Posts Tagged ‘ghost stories’
May 2, 2014 | by Alexandra Pechman
The noir and gothic films of the forties and fifties often feature beguiling portraits, paintings that possess a strange power; they inspire acts of fraud, forgery, theft, murder, and obsession. Think of The Woman in the Window, Laura, or Vertigo: in the first few scenes of each film, a kind of investigator becomes enraptured with a woman who also appears in a painted portrait—and, often, the twist reveals that she’s not who she seems to be. In Laura, the portrait itself stands in for the woman who’s supposedly disappeared, as Detective Mark McPherson investigates the crime—until, that is, Laura walks into her old apartment, where the detective is sleeping beneath the portrait that so intrigued him. The portrait serves as a kind of false look, or false double, that only can really be appreciated on film.
The artists who created these portraits—usually just large-scale photographs slapped with varnish—typically went uncredited; today most of the portraits themselves have gone missing. In The Dark Galleries: A Museum Guide to Painted Portraits in Film Noir Gothic Melodramas and Ghost Stories of the 1940s and 1950s, the art and film historians Steven Jacobs and Lisa Colpaert have created a guide to an imaginary gallery of these imaginary paintings, which often took imaginary people as their subjects.
What interested Jacobs most was not so much the portraits themselves, but the roles they played in their respective films: they reflected how people thought they should behave in front of pieces of art. The plots of these films often came from classic literature or standard noir fare, but it was film techniques that brought the paintings into more direct conversation with the narrative. Read More »
June 19, 2012 | by Corinne Botz
My sister and I always heard our names called. My father always said it was the wind, but the wind don’t say your name. I didn’t like going up on the third floor, that’s where I saw a man sittin’ in an easy chair. Sometimes it sounded like people were walking around the house and running down the halls. When we first moved there the floor in the back room was all cluttered with love letters. Maybe that guy died there or somethin’. That place made me feel so weird. My mother died in the house the day we were moving out; I feel like a part of her is still there. It was always cold in the house so my mother was happy we were moving to a warm place. The moving vans had just left, she was finally gettin’ out of the house and she never got out. As bad as I wanted to leave cause it’s creepy, I miss it. I’m not sure if it’s true but I heard that the man who bought it won’t stay there ’cause it’s haunted. The place has been empty for a long time.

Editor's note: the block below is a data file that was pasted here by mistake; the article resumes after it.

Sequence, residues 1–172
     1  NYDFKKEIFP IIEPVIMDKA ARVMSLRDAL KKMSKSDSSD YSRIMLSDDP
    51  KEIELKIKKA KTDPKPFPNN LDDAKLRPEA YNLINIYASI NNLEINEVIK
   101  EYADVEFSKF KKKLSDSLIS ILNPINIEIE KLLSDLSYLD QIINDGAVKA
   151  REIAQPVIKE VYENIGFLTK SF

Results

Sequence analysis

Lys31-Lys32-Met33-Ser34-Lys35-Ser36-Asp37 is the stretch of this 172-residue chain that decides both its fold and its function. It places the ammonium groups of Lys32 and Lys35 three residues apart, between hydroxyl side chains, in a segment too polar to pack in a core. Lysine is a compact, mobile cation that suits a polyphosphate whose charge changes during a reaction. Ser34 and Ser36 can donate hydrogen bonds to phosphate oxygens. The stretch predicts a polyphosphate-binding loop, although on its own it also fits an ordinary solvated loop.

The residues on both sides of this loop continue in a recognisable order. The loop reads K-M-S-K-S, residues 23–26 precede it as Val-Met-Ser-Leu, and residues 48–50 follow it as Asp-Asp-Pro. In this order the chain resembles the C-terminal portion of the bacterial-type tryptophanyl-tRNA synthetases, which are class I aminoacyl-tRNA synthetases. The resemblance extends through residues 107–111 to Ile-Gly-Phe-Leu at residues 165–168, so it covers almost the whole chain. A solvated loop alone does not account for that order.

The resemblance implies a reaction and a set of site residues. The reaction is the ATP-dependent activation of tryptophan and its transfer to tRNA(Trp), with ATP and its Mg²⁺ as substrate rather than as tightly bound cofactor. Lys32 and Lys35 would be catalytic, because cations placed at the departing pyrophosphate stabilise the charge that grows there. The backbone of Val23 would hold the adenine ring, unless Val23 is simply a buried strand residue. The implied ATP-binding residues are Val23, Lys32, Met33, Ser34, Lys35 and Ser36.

—Cheryl, who lived with her family in the house from the 1950s until the 1970s
Corinne Botz is a Brooklyn based photographer. A solo exhibition of her work opens in July at RedLine Gallery in Denver. She will be exhibiting Haunted Houses in a group exhibition at Museum Morsbroich in Germany this fall. To see more haunted houses or to hear ghost stories, visit the Haunted House project.
October 14, 2011 | by Lorin Stein and Sadie Stein
Who are the great American writers of today who do not hold teaching positions or B.A.s or M.F.A.s in literature? It is very frustrating to read that so and so teaches at this or that university, or has an M.F.A. from this prestigious school. Who are the writers writing to make the rent, making a living solely off the written word? Who are the writers writing about life outside of academia? And why is it that people outside of first-world countries have no idea or even care about what American writers are writing about today yet hold Hemingway and even Bukowski in such high esteem? —Fernando A. Flores
I can’t say for certain who holds what degree, or who has held what job—one never knows what skeletons lurk in a writer’s closet—but to answer your second question: with a very few exceptions (Nora Roberts?) people don’t make the rent by writing books. Either you teach, or you write for the movies (or someone else turns your books into movies), or you get a staff job at a magazine. That’s one way to live by the word, and lots of excellent writers do it. They often complain that it gets in the way of writing great books. As for the question of why foreigners like Bukowski, I would guess he translates well. Or easily, at least. Besides, they like us butch. —Lorin Stein
I love to read ghost stories and thrillers in the fall. What’s your favorite frightening book?
I’m with you: scary reads are right up there with apples and changing leaves. That said, everyone enjoys something different; I have an uncle who swears by serious horror, whereas I’m more of what Netflix might term the “psychological thriller” persuasion—I like the occult just fine, but zombies, vampires, crazed animals, and most serial killers need not apply.
For the last few weeks, I’ve been giving myself nightmares with a daily dose of M.R. James’s classic ghost stories. You can’t beat Daphne du Maurier for atmospheric spookiness: both Rebecca and Don’t Look Now are terrific reads, period (with adaptations to match). And more recently, I enjoyed Sarah Waters’s The Little Stranger a great deal—a haunted-country-house story with a twist.
Lastly, if you can get your hands on Charles MacLean’s The Watcher, do it; the third act is sort of ludicrous, but I don’t think I’ve ever been more genuinely terrified while reading. —Sadie Stein Read More »